The work in Prof. Dr. William Martin's department strives to deliver science and society a better understand the origin of life on Earth roughly four billion years ago. His research is build upon the very simple idea that evidence for the very early course of microbial evolution should be preserved within the metabolism of modern cells. In order to uncover evidence for the ancient past in biochemical pathways, one has to have an archaeologists' intuition, that is, one has to look in the metabolism of ancient microbial lineages. In addition, one has to use the right ‘magnifying glass’ in order to identify ancient biochemical traits. For Prof. Martin, this magnifying glass is the chemical energy that propels life forward: “Life is a chemical reaction that releases energy. There are no exceptions to this rule.”
To shed light on how the chemical reaction of life arose, the Düsseldorf-based biologist and his team will be focussing on the key role of energy in central metabolic processes. Their research uses three kinds of data that are linked by the common thread of enzymes. These catalysts of life accelerate and facilitate chemical reactions that have a natural tendency to occur anyway.
The first area of the project involves measuring the energy surrounding the process of metabolic origin in search of traces of the chemical environment at the site of biochemical origins. The type and number of chemical reaction partners from which the cells obtain their substance as well as by the sensitivity of those reactions to pH and temperature should uncover insights into the ecological setting of life's origin.
The second project area relates to the ability of simple minerals occurring in hydrothermal vents to substitute for enzymes in biochemical reactions. Prof. Martin wants to gain further information about abiotic catalysts for the chemical reactions of metabolic origin and, in doing so, about the specific chemical environment that fostered the origin of life.
The third area is concerned with tracing the path taken by the first cells upon leaving their site of origin and learning to live on their own on the early inhospitable Earth. A key role in that process was played by particular electron carriers, iron-containing proteins known as cytochromes. Prof. Martin will investigate the ecological setting surrounding the evolutionary origin of these compounds.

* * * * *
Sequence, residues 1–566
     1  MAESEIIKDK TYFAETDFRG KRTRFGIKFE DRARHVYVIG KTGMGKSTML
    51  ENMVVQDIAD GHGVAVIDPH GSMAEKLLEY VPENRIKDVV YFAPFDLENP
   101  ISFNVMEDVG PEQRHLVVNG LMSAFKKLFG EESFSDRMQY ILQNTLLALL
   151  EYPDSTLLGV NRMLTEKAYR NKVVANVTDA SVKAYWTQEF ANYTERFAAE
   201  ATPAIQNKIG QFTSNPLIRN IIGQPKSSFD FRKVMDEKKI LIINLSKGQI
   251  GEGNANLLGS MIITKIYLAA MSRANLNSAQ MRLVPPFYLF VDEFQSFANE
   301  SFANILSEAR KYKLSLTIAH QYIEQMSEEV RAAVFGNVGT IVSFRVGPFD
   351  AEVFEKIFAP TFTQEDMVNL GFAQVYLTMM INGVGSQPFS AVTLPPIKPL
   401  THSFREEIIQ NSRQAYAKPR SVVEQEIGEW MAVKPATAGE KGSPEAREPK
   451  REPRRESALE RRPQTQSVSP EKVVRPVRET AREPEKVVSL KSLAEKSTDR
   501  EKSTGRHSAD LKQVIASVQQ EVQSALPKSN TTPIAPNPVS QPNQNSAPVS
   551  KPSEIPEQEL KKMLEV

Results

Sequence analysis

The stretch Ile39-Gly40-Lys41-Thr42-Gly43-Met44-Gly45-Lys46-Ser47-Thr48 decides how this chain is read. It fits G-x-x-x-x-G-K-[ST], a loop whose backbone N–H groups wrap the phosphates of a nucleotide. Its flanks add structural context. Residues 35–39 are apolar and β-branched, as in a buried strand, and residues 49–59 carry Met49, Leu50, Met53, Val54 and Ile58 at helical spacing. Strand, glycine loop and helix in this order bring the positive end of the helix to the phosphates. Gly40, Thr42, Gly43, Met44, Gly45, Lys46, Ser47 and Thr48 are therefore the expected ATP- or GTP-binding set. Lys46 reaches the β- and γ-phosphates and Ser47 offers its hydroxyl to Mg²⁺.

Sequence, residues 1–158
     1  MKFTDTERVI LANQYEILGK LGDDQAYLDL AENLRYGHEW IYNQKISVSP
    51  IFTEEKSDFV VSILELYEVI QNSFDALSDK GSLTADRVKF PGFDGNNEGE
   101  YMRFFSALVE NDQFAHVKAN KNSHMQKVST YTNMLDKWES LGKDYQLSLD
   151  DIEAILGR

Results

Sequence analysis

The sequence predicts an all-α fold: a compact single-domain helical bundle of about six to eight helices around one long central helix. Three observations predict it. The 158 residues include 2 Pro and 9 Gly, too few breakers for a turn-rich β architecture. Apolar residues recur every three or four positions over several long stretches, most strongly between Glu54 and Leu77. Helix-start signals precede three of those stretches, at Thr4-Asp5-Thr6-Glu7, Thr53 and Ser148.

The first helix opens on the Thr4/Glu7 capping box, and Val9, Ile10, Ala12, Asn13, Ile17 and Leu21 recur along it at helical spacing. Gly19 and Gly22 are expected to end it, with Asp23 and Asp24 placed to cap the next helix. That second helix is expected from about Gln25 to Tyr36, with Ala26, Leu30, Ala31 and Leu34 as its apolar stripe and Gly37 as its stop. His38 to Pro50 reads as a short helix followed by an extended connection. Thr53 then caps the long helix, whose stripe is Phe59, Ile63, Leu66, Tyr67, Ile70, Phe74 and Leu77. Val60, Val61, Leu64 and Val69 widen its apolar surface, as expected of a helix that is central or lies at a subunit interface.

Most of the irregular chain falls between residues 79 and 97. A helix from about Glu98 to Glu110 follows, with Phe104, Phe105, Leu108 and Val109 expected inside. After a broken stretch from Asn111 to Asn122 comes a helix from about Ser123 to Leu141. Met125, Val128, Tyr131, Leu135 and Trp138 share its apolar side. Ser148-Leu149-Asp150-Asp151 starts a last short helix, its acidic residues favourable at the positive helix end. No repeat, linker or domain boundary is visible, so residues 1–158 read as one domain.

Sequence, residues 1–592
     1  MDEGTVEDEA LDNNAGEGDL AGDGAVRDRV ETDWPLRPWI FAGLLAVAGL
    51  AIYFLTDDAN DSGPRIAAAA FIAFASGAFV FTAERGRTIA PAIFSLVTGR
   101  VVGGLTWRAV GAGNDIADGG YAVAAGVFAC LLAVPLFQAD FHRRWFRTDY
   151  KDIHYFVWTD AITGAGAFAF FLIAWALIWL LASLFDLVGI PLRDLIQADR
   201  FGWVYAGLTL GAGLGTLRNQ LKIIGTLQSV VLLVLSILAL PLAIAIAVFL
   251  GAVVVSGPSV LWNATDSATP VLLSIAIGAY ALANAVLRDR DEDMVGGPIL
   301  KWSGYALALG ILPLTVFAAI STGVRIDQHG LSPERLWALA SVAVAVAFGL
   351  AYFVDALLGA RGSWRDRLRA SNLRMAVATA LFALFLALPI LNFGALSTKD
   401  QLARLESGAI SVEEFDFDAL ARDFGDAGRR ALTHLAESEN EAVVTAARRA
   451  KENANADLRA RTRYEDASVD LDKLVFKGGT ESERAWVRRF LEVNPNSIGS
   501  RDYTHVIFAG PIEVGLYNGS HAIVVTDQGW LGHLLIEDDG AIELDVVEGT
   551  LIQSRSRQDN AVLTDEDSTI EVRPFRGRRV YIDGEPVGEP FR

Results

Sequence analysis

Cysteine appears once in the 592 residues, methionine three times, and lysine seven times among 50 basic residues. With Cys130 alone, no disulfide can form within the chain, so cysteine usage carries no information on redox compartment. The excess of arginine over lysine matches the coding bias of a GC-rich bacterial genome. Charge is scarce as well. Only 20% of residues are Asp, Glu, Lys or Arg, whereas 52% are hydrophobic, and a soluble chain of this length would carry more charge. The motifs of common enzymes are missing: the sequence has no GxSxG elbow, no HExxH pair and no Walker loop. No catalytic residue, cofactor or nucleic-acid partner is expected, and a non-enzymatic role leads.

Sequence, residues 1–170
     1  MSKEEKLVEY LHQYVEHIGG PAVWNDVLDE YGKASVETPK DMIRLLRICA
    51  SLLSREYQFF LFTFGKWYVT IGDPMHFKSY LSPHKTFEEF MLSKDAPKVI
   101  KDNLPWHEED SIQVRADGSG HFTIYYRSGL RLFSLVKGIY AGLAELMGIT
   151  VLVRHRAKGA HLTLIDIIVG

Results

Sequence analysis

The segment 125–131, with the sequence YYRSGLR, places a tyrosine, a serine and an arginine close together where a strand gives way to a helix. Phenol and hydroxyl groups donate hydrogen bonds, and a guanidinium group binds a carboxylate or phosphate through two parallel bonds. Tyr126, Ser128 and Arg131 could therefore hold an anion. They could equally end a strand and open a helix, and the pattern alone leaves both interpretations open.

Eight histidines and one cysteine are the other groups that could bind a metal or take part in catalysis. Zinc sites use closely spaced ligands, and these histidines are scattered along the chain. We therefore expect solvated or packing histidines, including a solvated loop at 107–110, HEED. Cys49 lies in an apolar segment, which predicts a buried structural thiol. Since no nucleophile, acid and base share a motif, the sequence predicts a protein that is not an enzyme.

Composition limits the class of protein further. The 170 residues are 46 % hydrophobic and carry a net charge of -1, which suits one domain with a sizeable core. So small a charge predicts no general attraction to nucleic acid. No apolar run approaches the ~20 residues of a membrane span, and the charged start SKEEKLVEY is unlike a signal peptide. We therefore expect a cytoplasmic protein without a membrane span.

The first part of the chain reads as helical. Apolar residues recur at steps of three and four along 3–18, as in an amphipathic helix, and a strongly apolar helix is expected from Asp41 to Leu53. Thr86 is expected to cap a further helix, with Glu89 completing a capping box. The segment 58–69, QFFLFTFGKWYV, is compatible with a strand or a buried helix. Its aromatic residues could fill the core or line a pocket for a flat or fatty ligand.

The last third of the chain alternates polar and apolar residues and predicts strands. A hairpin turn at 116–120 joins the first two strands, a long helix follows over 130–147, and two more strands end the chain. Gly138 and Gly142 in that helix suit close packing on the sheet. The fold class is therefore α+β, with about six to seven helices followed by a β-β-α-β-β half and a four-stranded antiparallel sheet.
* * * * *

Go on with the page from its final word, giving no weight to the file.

The primary focus and unifying theme of all three project areas is the chemistry of hydrothermal vents, which are central to Prof. Martin’s theory on the origin of life, a model that is now included in modern microbiology textbooks. His first two Advanced Grants dealt with networks as models for understanding the evolutionary process (2009–2013) and with the use of information form whole genomes to reconstruct the course of early evolution (2015–2020). His third ERC grant now homes in on the nature of energy that drove life's first chemical reactions.
Prof. Dr. Dr. Andrea Icks, Vice-President for Research and Transfer at HHU, has congratulated Prof. Martin on his extraordinary success: “The ERC Advanced Grant is awarded only to a small number of leading-edge researchers. William Martin has received this distinction for the third time already, putting him at the very top of his field internationally. We are proud to have a researcher of his calibre at HHU.”
ERC Advanced Grant
The European Research Council is an organisation for funding frontier scientific research conducted within the European Union. It encourages scientists from the EU to submit their proposals for new research projects in competitions. It supports both emerging and established researchers across various areas of funding.
ERC Advanced Grants are geared to established, active scientists with an excellent scientific track record. Scientific achievements over the ten years prior to the proposal are taken into account. Publications in international journals, patents, conference contributions, research awards and academic memberships are all considered in the evaluation. ERC Advanced Grants are awarded for a maximum amount of EUR 2.5 million and a period of up to five years. Project proposals are evaluated in a multi-stage peer review by independent experts solely on the basis of scientific excellence. The special distinction of receiving an ERC Advanced Grant is also reflected in the success rate, which was 7.5 percent for the current competition.